Nasdaq 100, S&P 500 analysis: Why we prefer the Nasdaq over the S&P 500

Matt Simpson financial analyst
By :  ,  Market Analyst

Key takeaways

  • The Nasdaq has outperformed the S&P 500 this year so far at 27.4% versus the S&Ps 20.7% rally
  • Markets are likely to remain responsive to debt ceiling headlines
  • Whilst we anticipate the debt ceiling will likely be raised, it leaves the potential for indices to pull back from current cycle highs if debt talks drag on too long this week (which also seems likely)
  • However, we’d prefer to seek bullish setups on the Nasdaq if the deal is struck, so we’re on guard for pullbacks towards support levels to identify potential swings
  • We prefer to seek bearish setups on the S&P 500 if talks remain unconstructive


Nasdaq 100 / S&P 500 ratio chart

Whilst the major US indices tend to track each other quite closely over time, their performance can differ and there is usually a leader and a laggard. For example, the daily price action of the Nasdaq 100 and S&P 500 has moved in the same general direction, but the ratio chart shows that the Nasdaq has been the outperformer this year so far, following a period of underperformance in 2022.


The ratio chart is simply the Nasdaq divided by the S&P 500 (Nasdaq / S&P 500), and a rising chart shows the Nasdaq is the stronger market of the two even though both markets have been rising in tandem.




Nasdaq 100 daily chart


The daily trend structure on the Nasdaq 100 is firmly bullish, and it trades above the midpoint of a bullish channel. The higher lows are connected with clean rallies, and a 2-day range expansion on Wednesday ad Thursday broke prices out of a tight consolidation and closed above the August 2022 high. The 20 and 50-day EMAs are providing dynamic support and point higher with prices.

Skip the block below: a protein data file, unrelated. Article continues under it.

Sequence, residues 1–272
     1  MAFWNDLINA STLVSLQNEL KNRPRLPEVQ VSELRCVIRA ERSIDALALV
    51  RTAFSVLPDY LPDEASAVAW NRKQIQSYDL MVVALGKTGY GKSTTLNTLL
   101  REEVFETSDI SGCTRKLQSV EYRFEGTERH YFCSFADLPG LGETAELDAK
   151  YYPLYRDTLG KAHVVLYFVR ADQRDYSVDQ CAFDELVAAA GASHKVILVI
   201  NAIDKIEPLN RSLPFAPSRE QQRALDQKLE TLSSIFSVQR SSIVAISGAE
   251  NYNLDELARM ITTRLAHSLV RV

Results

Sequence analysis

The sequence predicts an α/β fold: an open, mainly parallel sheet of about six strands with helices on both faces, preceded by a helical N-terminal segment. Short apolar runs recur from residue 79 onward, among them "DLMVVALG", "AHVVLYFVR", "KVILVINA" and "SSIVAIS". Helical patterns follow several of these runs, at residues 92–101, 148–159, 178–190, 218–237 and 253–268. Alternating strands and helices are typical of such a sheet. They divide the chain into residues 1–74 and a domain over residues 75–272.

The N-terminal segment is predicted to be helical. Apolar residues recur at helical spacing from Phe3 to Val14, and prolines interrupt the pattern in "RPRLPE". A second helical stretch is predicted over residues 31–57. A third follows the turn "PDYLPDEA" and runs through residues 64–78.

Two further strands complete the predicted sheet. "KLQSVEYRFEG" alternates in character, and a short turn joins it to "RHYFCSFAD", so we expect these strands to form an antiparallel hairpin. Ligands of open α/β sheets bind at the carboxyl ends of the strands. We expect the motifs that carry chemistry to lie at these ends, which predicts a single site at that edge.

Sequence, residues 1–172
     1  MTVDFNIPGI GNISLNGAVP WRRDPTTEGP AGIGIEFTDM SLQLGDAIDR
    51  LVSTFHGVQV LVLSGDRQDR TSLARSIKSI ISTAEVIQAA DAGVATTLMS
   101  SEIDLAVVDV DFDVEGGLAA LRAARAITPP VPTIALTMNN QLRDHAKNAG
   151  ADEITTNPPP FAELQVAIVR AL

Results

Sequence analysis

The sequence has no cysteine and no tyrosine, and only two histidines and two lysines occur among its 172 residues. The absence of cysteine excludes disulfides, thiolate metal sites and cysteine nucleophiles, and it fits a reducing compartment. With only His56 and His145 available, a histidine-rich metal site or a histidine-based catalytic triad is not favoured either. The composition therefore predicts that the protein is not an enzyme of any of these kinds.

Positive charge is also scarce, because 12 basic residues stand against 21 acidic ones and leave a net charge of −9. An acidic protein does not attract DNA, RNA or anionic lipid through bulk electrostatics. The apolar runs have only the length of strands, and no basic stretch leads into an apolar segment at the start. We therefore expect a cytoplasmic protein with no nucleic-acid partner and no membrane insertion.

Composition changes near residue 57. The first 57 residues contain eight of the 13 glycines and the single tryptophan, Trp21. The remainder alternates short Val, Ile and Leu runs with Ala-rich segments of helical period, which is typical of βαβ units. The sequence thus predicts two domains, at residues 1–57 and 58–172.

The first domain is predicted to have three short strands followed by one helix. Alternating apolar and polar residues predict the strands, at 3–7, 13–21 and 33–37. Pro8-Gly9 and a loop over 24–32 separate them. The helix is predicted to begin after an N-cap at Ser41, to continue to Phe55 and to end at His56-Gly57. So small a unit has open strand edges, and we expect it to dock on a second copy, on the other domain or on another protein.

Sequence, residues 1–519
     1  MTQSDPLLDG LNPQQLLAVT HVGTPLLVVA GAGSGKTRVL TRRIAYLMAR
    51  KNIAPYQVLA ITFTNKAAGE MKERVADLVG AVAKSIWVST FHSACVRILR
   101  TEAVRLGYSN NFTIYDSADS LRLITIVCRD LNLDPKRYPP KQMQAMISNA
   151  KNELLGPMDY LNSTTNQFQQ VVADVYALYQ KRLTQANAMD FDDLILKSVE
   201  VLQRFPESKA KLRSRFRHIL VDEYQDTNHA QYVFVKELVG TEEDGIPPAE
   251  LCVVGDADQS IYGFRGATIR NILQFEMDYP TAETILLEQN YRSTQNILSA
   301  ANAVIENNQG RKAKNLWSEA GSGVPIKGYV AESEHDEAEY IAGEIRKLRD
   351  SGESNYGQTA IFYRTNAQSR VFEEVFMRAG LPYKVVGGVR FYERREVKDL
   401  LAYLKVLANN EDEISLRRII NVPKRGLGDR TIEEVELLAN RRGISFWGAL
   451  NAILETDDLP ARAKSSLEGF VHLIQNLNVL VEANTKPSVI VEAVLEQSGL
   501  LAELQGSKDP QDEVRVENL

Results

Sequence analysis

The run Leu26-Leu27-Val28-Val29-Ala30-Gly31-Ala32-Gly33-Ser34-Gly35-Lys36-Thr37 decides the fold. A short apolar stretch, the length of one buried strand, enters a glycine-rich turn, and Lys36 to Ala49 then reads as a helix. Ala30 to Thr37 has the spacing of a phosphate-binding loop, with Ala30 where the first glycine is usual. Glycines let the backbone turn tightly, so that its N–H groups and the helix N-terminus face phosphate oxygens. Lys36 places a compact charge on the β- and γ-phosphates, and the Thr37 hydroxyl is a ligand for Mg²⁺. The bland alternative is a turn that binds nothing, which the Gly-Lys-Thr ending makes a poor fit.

Whilst the RSI (14) is in the overbought zone, such ‘zones’ are really only of use during an oscillating market (as bullish prices force the RSI higher, so overbought is in fact a sign of strength). Furthermore, there is not yet a bearish divergence, therefore price action remain king.


From here we would like to see prices pull back and form a swing low, or at least consolidate near these highs for a few days before considering bullish opportunities. There is a real risk that debt ceiling talks will drag on and knock sentient lower and weigh on indices such as the Nasdaq, but as we suspect the debt ceiling will have to be raised then any such pullback could be seen as an opportunity for dip buyers.


And whilst we’d expect all indices to rally if or when a deal is struck, we’d prefer to seek bullish setups on the Nasdaq over the S&P 500 given its outperformance this year.



S&P 500 daily chart


The trend structure on the S&P 500 is less impressive on the daily chart compare with the Nasdaq 100, with choppy ranges, weak breakouts and reversals. Whilst we saw two decent days of range expansion out of compression last Wednesday and Thursday, the marked failed to push materially higher on Friday and failed to fully close the gap from August 19th 2022.


With the 4200/22 area holding as resistance, we see the potential for a move lower (especially if debt ceiling talks are unconstructive, which seems to be likely at least in the first half of this week). Should talks fall apart then we’d prefer to seek bearish opportunities on the S&P 500 over the Nasdaq and could see it falling towards (and likely below 4,000).





-- Written by Matt Simpson

Follow Matt on Twitter @cLeverEdge


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